Following that, there are certain factors that restrain people from changing their position in the system. One of the limits to social mobility is discussed in Inequality for All. The film suggests that globalization and technology negatively affected mobility upward, as they had reduced salaries (Inequality for All). Despite that, some people kept striving to achieve the American dream and kept working hard, thus tolerating income inequality and promoting it across generations (Inequality for All).
As a result, people in the US now have fewer opportunities for social mobility than in Western Nations (Inequality for All). Furthermore, certain class positions can shape worldviews and affect economic and educational resources impacting children’s chances of social mobility into another class (Lareau 450). Another important factor is related to racial inequalities and can affect further generations. Even these days, Black families often live among the poor and less educated compared to White families, so Black children have fewer opportunities for upward mobility (Putnam 21). Factors that limit social mobility are related to one’s background that can impact future generations.
Furthermore, with the mentioning of changing classes, there is a need to discuss the significance of stratification. Stratification is important as it affects people’s experiences and opportunities, with some classes having more access to certain benefits in life (LN Stratification). Those benefits include better nutrition, medical care, and education, as well as political influence and protection from crime (LN Stratification). As stratification refers to different social layers, each of those layers has a certain meaning to society in general (LN Stratification).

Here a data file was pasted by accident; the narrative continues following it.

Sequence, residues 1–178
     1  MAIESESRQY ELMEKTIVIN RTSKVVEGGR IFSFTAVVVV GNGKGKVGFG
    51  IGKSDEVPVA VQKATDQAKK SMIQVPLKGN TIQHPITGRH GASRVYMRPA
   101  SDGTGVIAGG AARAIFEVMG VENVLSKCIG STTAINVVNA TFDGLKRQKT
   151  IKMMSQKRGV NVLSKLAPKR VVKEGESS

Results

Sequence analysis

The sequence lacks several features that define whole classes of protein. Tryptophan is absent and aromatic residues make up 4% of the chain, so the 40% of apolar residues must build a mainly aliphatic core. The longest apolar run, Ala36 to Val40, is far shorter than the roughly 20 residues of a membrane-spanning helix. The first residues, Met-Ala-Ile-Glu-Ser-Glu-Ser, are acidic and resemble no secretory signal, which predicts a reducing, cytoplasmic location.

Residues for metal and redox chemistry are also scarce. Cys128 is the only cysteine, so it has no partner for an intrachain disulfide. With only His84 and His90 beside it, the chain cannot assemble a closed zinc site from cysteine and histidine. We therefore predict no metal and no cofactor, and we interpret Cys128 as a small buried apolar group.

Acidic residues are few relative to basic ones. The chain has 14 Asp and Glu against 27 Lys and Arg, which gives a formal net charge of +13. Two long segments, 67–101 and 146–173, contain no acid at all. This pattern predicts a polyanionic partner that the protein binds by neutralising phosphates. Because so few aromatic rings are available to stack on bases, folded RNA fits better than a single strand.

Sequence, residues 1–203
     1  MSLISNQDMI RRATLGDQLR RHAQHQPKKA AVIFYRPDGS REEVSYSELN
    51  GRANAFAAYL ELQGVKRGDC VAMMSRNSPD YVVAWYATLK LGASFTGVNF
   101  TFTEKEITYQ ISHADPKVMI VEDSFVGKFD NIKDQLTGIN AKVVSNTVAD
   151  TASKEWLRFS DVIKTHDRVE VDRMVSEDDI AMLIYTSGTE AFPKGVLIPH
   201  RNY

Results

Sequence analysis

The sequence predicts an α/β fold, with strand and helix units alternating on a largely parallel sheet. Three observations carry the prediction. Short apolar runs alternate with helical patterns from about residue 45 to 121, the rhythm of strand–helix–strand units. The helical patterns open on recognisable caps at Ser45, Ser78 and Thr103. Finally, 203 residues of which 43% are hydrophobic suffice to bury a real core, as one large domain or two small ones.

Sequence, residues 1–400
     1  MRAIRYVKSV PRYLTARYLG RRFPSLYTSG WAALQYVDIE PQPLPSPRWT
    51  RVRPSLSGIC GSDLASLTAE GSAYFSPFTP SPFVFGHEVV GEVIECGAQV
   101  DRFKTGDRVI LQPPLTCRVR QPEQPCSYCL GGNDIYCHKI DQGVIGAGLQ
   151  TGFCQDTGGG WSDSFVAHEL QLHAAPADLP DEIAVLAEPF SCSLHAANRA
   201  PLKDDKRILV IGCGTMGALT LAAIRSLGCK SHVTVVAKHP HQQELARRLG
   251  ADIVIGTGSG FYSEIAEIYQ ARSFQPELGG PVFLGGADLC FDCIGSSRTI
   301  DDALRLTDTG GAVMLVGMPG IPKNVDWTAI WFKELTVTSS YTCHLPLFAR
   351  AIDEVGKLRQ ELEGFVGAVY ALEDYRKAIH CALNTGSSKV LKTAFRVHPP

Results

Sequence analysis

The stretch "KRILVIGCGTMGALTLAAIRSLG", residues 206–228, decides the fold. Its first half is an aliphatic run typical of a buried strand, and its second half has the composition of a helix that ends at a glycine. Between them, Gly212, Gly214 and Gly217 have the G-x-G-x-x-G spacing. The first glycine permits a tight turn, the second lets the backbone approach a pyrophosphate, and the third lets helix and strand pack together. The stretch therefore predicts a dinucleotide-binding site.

For example, as stated in Inequality for All, out of all the classes, the middle class is the one that “keeps the economy going” and should be strong and continuously growing (00:10:23-00:10:25). On the other hand, Reich states that one of the problems of the economy is that rich people do not spend enough money, and so they do not “generate enough economic activity” (Inequality for All 00:17:12-00:17:22). Overall, stratification is important as it defines the opportunities of each class and can affect various aspects of life.
To conclude, economic inequalities are currently spread across the US. Those inequalities can be represented by the gap between the number of rich and poor people, with the former increasing their profits even during the pandemic and the latter struggling financially. Moreover, a similar gap has happened before in the previous century due to similar reasons, such as crisis. Although between these two periods, the economy was strong at some point and with fewer inequalities, there are more financial disparities in the nation these days.
Furthermore, inequalities are related to social mobility, and growing up in a certain class can impact one’s opportunities for upward mobility due to family experiences and background. However, each class matters and should be paid more attention to, even though some classes affect the economy more. Overall, there is a need to promote economic equality in the country, with some of the ways being less tolerance towards racial discrimination and more opportunities for children from social minorities.
“Global Assembly Line.” YouTube, uploaded by GROUP Humanities Studio, 2017. Web.
Inequality for All. Directed by Jacob Kornbluth, performance by Robert Reich, RADiUS-TWC, 2013.
Kinder, Molly, and Laura Stateler. “Amazon and Walmart Have Raked in Billions in Additional Profits During the Pandemic, and Shared Almost None of it with Their Workers.” Brookings. 2020. Web.
Lareau, Annette. “Unequal Childhoods: Class, Race, and Family Life.” Inequality in the 21st Century, edited by David Grusky and Jasmine Hill, 2018, pp. 444-451.
Putnam, Robert. Our Kids: The American Dream in Crisis. Simon & Schuster, 2016.